Arrow Weight vs Arrow Speed — Is A Heavy, Light, or Balanced Arrow the Best for Bowhunting?

Arrow Weight vs Arrow Speed — Is A Heavy, Light, or Balanced Arrow the Best for Bowhunting?

Bowhunting trends come and go. That ebb and flow of "what's hot" and "what's not" is never going to stop. As time passes, it gives both old and new bowhunters opportunities to come up with their own theories on why “this or that” is the best thing. One of the constant games of tug-and-war in the bowhunting world is the theories on arrow speed and arrow weight. With extreme opinions on either side of the debate, it can be confusing to sift through the opinion and determine what's a fad and what is logic. So, let’s do it. Let’s lay down the skinny on arrow weight vs. arrow speed. Hopefully, at the end of this article, your sifting will be reduced to a minimum.

Your Goals, Your Hunt

While we are weighing out the pros and cons of more arrow weight vs less arrow weight and more arrow speed vs less arrow speed, we must approach these ideas as individuals. Each one of us has different goals, needs, and desires in the field. Recognize that and own it. Mold your setup so that it caters to the species you are targeting, the country you are hunting, and your overall style of bowhunting. Remember, these are your arrows. It’s ok to have a different opinion than what someone else — even an internet expert — may suggest is the best.

Arrow weight is measured in GPI (grains per inch). On most arrows, you can find the GPI printed right on the shaft. The higher the GPI, the heavier the arrow will be overall.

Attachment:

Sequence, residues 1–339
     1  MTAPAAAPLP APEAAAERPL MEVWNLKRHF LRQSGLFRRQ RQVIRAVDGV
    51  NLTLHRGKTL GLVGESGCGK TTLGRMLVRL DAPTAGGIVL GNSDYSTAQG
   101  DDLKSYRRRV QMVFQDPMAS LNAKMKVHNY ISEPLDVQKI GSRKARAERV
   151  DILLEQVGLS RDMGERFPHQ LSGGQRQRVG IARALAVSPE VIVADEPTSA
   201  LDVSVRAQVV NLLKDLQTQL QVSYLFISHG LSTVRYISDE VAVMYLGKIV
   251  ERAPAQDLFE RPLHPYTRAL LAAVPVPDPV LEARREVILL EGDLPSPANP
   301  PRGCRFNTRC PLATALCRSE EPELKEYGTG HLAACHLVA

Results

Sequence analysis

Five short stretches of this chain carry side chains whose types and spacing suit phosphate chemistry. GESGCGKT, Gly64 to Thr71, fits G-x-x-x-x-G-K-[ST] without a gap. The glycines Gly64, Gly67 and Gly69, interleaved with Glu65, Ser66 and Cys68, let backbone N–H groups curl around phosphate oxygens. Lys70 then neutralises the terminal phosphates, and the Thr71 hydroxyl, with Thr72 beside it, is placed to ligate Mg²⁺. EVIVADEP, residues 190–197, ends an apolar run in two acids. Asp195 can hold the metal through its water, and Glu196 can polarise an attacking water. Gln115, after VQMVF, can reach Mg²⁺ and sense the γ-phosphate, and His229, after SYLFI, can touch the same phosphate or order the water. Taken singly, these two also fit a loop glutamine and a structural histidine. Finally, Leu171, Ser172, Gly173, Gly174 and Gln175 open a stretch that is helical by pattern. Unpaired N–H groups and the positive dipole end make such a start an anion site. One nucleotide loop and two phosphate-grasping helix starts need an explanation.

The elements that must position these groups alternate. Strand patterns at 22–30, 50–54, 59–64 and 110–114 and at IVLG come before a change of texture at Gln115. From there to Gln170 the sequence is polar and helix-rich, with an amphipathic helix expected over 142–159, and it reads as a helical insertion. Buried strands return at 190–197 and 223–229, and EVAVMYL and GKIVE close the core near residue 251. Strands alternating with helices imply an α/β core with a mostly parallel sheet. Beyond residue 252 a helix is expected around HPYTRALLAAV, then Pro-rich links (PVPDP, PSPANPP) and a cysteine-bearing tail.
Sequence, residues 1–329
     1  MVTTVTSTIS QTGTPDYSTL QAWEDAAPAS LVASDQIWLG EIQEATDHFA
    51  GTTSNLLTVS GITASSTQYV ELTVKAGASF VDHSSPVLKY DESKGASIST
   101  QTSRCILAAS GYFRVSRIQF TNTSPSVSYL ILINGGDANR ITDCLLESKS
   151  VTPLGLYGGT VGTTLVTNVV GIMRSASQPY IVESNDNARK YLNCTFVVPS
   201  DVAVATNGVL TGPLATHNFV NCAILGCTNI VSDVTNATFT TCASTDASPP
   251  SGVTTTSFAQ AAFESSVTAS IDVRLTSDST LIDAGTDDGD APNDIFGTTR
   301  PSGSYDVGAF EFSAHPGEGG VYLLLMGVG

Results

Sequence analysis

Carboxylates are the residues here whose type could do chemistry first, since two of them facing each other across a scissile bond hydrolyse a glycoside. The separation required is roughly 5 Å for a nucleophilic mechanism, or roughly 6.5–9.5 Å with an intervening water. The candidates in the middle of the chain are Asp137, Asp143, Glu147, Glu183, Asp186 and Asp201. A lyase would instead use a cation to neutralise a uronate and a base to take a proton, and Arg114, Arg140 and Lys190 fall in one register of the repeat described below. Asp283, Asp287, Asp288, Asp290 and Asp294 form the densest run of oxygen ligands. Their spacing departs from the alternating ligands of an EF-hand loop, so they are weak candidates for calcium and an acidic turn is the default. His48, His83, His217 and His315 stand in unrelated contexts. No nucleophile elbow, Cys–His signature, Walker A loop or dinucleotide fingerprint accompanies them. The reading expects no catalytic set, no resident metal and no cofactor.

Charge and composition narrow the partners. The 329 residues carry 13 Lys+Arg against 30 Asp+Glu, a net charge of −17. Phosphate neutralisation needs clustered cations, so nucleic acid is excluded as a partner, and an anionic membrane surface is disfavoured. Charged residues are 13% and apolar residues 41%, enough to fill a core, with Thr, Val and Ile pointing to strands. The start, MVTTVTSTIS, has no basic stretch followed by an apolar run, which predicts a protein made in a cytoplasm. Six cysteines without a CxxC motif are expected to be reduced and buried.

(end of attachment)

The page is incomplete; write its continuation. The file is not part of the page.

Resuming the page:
Benefits of a Heavy Arrow

A Bloody Arrow In The Quiver

Heavy arrows are all the rage right now. And they definitely hold their own, particularly for bigger game animals like elk. These critters not only have bigger bodies, but they also have bigger bones. More than a few bowhunters have fallen victim to elk bones stealing their dreams right out from under them. A lighter arrow just doesn’t have as much capability to handle big game.

This leads us to the first attribute in the "pro" column of heavier arrows — increased penetration downrange. Not only will a heavier arrow hit harder, but it will retain its energy better through the target. This is a big benefit that will lead to more pass-throughs on bigger animals.

Heavy arrows will also quiet your bow down. This is due to the heavier arrow simply absorbing more energy on the shot. And a quieter bow could mean fewer animals that “jump the string” on your future hunts.

Additionally, heavier arrow arrows carry more momentum, which means they are less likely to be thrown off track as much by the wind, or even small obstructions, such as blades of grass that might stand between you and that animal.

More Arrow Weight = Less Speed

Multi-Pin Bow Sight

There is always a dark side of the moon, right? Along with the benefits of hunting with heavy arrows, there is a bit of doom and gloom that comes with doing so. The first "con" that comes to mind is the arrow's trajectory. Plain and simple, the heavier an arrow is, the slower an arrow is. This isn’t something that necessarily decreases lethality by any means. Slower-moving heavy arrows are as lethal as they come. The downside of a slow arrow that drops quicker through the air is that it is less forgiving to misjudgments in the shot distance. If you're hunting with a heavier arrow, you better have a very accurate range for all of your hunting shots.

"For every five grains of arrow weight added, you will lose 1-1.5 fps in arrow speed." —www.bowhuntingmag.com